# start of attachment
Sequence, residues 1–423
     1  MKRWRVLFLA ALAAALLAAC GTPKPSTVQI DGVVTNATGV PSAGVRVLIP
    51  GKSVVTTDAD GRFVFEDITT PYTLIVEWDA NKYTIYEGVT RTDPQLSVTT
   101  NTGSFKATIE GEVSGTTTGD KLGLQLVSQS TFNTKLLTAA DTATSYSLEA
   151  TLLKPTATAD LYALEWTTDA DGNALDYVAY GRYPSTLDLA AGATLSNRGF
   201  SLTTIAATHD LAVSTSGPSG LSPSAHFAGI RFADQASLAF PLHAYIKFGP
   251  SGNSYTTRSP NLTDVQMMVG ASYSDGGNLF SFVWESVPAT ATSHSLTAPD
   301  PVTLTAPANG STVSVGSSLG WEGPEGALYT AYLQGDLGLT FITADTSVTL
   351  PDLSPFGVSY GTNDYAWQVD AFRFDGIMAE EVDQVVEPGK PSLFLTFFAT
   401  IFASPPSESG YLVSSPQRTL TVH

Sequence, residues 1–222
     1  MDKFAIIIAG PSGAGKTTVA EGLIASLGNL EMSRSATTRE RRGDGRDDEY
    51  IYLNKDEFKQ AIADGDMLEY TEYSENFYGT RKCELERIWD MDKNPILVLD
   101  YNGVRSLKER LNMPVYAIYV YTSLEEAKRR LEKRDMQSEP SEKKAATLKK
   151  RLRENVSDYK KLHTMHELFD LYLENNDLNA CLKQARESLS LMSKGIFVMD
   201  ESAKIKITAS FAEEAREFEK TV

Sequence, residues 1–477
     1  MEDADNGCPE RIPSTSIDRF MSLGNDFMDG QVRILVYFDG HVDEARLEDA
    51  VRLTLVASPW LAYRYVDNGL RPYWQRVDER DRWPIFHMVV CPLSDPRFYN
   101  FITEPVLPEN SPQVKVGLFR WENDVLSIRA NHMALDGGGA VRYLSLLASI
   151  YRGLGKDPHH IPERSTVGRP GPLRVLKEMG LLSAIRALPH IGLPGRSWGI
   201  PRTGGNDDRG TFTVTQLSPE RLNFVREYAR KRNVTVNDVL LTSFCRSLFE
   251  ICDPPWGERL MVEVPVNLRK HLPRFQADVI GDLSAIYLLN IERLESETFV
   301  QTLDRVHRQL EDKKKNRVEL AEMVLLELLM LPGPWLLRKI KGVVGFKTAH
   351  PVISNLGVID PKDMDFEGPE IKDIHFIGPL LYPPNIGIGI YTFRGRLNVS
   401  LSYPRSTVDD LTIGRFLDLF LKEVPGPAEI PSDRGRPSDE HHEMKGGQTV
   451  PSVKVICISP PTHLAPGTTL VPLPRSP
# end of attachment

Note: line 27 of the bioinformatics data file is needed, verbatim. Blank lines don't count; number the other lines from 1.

   451  PSVKVICISP PTHLAPGTTL VPLPRSP